“That is why I bought Twitter. I didn’t do it because it would be easy. I didn’t do it to make more money,” he added, acknowledging that failure was a “very real possibility.”
Read much more about Musk at the link if you can stomach it.
Maybe Sargent is right. I sure hope so, but I’ll believe it when I see it.
Lauren Hirsch at The New York Times: Elon Musk Reaches Out to Advertisers Ahead of Deadline for Twitter Deal.
A day before Elon Musk’s court-imposed deadline to complete his $44 billion acquisition of Twitter, he posted a message to advertisers in an apparent attempt to soothe nerves as concerns circulate about how he intends to run the platform.
“I wanted to reach out personally to share my motivation in buying Twitter,” he wrote. “There has been much speculation about why I bought Twitter and what I think about advertising. Most of it has been wrong.”
Mr. Musk went on to say that the reason he was buying Twitter was “because it is important to the future of the civilization to have a common digital town square,” where a “wide range of beliefs can be debated in a healthy manner without resorting to violence.” But, he added, “Twitter obviously cannot become a free-for-all hellscape where anything can be said with no consequences!”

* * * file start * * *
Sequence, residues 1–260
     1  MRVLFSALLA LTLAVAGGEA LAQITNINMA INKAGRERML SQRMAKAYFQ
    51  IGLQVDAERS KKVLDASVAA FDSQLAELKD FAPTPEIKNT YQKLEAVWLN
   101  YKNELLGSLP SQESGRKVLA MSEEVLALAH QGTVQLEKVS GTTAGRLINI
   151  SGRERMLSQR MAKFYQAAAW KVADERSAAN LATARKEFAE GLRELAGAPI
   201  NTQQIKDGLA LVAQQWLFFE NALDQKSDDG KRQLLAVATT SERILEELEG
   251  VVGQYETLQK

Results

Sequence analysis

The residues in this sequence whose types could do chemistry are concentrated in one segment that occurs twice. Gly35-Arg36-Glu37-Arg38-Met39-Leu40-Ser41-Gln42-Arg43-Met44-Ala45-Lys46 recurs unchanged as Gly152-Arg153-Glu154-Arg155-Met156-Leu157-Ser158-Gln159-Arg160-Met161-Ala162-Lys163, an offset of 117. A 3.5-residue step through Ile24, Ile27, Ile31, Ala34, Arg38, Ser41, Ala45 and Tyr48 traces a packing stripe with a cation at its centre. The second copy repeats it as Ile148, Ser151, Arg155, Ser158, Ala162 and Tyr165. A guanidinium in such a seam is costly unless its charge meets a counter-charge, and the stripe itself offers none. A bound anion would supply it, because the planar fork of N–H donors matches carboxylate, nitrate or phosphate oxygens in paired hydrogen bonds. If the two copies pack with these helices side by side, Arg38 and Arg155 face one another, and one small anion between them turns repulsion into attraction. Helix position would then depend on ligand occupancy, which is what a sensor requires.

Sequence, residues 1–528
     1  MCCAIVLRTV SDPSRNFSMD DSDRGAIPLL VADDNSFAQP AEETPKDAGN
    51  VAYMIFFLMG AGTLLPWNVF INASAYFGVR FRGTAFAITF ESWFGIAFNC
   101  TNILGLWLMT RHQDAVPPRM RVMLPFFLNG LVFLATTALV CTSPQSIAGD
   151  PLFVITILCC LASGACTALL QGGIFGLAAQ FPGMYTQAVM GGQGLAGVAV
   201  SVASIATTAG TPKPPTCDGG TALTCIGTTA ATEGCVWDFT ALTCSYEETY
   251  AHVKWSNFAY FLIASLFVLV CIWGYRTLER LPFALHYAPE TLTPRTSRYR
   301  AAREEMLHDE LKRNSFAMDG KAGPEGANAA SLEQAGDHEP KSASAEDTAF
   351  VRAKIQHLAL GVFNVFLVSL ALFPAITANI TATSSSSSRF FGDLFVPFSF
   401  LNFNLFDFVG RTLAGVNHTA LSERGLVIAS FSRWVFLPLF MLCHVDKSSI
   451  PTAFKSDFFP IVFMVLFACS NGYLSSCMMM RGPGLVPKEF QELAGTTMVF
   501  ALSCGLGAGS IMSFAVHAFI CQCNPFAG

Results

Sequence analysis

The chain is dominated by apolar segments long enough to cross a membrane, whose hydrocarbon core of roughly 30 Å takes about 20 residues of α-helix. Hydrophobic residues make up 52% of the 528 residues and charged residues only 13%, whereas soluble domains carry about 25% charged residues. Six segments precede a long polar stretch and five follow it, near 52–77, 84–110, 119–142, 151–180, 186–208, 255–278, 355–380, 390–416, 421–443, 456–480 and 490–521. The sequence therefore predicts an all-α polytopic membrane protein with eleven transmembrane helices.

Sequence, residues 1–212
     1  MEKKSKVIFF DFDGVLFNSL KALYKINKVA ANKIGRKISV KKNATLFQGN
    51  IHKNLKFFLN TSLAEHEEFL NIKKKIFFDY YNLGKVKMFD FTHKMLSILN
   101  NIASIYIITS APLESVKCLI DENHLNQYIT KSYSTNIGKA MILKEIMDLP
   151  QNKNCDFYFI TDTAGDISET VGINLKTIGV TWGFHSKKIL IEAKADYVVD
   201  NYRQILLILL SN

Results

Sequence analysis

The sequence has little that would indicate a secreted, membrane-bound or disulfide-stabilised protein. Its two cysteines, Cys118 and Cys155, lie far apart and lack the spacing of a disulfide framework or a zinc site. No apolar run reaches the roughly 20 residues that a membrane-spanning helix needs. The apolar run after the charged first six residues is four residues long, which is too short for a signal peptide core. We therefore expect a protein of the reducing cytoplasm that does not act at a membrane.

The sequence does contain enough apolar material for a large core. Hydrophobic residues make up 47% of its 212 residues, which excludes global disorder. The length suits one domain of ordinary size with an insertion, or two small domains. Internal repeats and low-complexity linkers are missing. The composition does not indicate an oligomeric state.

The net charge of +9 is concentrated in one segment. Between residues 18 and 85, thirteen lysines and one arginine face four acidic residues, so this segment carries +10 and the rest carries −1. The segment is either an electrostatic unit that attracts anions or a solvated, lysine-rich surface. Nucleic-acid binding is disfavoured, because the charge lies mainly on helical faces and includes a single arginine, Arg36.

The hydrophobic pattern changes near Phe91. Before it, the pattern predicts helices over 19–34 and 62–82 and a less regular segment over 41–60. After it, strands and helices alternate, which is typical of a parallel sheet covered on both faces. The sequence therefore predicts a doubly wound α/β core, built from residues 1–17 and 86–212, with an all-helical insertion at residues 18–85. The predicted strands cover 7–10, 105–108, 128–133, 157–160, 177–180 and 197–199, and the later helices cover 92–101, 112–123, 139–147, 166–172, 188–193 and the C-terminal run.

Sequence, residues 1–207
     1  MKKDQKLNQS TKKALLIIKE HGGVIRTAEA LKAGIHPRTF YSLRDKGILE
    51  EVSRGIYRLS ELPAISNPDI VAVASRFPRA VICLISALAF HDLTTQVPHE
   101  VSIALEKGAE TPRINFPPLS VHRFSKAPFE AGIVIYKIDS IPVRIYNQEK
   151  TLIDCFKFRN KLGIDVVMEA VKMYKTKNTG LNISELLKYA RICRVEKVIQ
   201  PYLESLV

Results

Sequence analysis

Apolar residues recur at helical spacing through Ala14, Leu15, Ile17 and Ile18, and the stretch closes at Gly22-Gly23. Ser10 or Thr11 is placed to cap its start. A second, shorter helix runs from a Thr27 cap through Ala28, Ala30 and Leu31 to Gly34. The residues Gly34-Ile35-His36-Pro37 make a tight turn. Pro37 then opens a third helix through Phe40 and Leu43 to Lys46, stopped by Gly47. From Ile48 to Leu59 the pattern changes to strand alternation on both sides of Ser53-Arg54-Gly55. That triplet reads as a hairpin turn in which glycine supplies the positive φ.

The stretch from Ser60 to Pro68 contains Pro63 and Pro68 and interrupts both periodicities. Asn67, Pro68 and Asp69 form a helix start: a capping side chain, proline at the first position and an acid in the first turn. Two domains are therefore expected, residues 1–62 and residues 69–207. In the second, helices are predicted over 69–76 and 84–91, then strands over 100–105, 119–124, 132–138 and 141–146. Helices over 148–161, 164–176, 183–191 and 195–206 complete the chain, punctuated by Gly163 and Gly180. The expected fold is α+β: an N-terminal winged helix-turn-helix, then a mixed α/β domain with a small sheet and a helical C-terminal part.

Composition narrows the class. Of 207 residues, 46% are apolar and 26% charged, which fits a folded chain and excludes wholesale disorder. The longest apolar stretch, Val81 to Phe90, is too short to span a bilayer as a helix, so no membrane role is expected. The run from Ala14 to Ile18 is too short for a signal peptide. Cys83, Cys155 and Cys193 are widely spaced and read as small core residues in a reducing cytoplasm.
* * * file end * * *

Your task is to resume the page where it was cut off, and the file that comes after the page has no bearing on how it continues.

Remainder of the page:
Mr. Musk’s olive branch comes as he is in the final stages of completing the deal to buy Twitter, during which he changed his mind about buying the company before recommitting in the face of legal challenges. The billionaire, who also runs Tesla and SpaceX, showed up at Twitter’s headquarters in San Francisco on Wednesday, and he is expected to address the company’s 7,500 employees on Friday when the deal is set to close.
Advertisers, which account for about 90 percent of Twitter’s revenue, have been watching the deal drama, and some have been concerned about how the uncertainty will affect the service as an ad platform. Mr. Musk has said he is a “free speech absolutist” and wants to loosen rules around content moderation on the service, including reversing the ban on former President Donald J. Trump from the platform. Advertisers typically shy away from promotions alongside toxic content and misinformation.
Twitter and other social media platforms are also grappling with a broader slowdown in digital advertising. Meta said on Wednesday that its profit in the most recent quarter was down more than 50 percent from a year earlier. The company, which owns Facebook, Instagram and WhatsApp, warned that it didn’t see any relief on the horizon for the declining ad market.